To proceed meaningfully I must believe that here is where I need to be and here is where the world needs me to be, and I must believe that I am here to engage my spirit with everything in my vicinity to make things better. Energetically every engagement has a place for me. Assuming I am open enough to be reasonably clear of the inward spiraling congestion of ego, then this place is best inside my own body. When I empty of self then I can fill with all else, and I become supremely responsible, and responsive: the heart becomes hearth and home to all there is. That is ultimately all I am and all I can be: a house of and for connexion.


Some London clouds for those elsewhere (from Monica).
The strength (energy) to get things done and the power (spirit) to transform.

Some blue sky for those in colder climes.


Out of my mind.
The meeting edge of man and the world is also his cutting edge. If man is active, it is exactly here where experience comes in that it is delivered back, and if he stays fresh at the coming in he will be fresh at his going out. If he does not, all that he does inside his house is stale, more and more stale as he is less and less acute at the door. And his door is where he is responsible to more than himself.

Charles Olson


To strip the present moment of both its momentum and its urgency, allowing it to ring and resonate like a buddha-bell, clearing both the air and the mind.



I suspect that thinking started all those thousands of years ago when we lost faith – when we started to sense problems that required solution rather than simply being a part of the world in the world; when our love – our willingness to engage and allow the world into our bodies – lost its ferocity and centrality and became a passive and occasional luxury. Since then of course the thinking mind has become so dominant that it spends almost all our conscious time and energy not only solving problems but creating those problems in the first place. Thinking is an idle and largely unnecessary occupation.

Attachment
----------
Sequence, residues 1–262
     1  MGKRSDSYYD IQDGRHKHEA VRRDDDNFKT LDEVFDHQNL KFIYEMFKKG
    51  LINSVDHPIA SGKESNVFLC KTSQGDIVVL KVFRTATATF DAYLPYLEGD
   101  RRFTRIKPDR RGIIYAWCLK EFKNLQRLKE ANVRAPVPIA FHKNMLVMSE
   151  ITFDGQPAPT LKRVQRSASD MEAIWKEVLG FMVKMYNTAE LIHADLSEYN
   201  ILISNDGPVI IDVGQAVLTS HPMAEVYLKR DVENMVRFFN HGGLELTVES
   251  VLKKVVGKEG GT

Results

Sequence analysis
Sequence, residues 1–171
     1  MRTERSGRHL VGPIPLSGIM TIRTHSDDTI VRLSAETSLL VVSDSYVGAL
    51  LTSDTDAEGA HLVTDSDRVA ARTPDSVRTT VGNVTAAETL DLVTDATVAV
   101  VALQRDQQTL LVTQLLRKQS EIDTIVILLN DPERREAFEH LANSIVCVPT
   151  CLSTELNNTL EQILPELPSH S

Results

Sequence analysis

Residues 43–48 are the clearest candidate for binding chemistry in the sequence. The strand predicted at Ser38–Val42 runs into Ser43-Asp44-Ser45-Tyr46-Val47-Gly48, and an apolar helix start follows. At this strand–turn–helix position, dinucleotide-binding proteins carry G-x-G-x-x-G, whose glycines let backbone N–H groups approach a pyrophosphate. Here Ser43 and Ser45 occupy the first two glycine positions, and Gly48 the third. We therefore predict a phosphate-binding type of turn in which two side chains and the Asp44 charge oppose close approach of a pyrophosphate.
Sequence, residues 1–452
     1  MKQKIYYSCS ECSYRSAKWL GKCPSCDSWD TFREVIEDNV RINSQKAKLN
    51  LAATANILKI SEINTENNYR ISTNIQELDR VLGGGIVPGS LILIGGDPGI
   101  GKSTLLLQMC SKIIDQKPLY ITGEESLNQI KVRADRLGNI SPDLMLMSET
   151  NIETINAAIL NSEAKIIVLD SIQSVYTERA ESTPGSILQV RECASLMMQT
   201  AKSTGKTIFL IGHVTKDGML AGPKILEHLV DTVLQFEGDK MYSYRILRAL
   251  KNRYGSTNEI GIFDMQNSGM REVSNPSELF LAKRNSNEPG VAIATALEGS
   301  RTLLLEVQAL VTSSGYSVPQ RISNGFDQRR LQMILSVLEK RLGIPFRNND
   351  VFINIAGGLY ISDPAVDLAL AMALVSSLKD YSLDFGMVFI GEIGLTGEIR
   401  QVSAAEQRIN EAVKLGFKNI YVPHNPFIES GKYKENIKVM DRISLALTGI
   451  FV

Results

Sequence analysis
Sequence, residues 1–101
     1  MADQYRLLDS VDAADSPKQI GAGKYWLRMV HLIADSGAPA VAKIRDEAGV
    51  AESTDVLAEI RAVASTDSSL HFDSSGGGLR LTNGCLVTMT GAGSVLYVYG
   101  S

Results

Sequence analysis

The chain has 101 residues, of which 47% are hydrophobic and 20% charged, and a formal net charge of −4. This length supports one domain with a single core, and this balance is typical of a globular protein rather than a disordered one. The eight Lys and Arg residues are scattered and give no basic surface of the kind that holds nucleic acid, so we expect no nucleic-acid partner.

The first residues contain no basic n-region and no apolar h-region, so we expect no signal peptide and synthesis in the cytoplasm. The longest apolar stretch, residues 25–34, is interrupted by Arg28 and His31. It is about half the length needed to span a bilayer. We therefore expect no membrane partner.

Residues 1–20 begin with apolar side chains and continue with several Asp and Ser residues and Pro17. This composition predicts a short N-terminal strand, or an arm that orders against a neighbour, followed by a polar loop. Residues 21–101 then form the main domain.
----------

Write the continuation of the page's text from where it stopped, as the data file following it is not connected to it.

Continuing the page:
In an energetic system (which we become when we start to relax) even the tiniest physical movements become palpable because all movements have energetic extension: all movements are along infinitely extending flows of energy, even if such a flow is into or out of itself.


The more I teach the more I see that peoples' fundamental problem is that they don't use their legs properly. The legs should connect the heart to the Earth rather than thrust the heart up and away from the Earth. Connexion isn't just a bond, it is a communication.



A fearful life is one based on the conviction that I have, or that I am, an independent autonomous self. Courageous work is therefore anything that undermines or erodes this conviction.



Posture will improve only if we manage to change the way we see ourselves – how we feel about ourselves – how we relate to our body. On those odd occasions when we hit good posture we must be sensitive to how that shifts our reality, and we must yearn for that new reality, like the good students we are, or hope to be. These are the glimmers – the beacons – that lure us onwards.


People often ask me what's the difference between Tai Chi and Chi Kung. Basically Chi Kung is about energy and Tai Chi is about connexion.


Musica universalis

I'm beginning to feel that that deeply relaxed meditative state comes when the natural rhythms in my body, particularly those of the nerves, the heart, the breath and the craniosacral system harmonize, in the sense that each adjusts to become an overtone of a deeper implied fundamental. In this sense we tune to a deeper aspect of self and a deeper aspect of existence than any one of those rhythms can give us access to.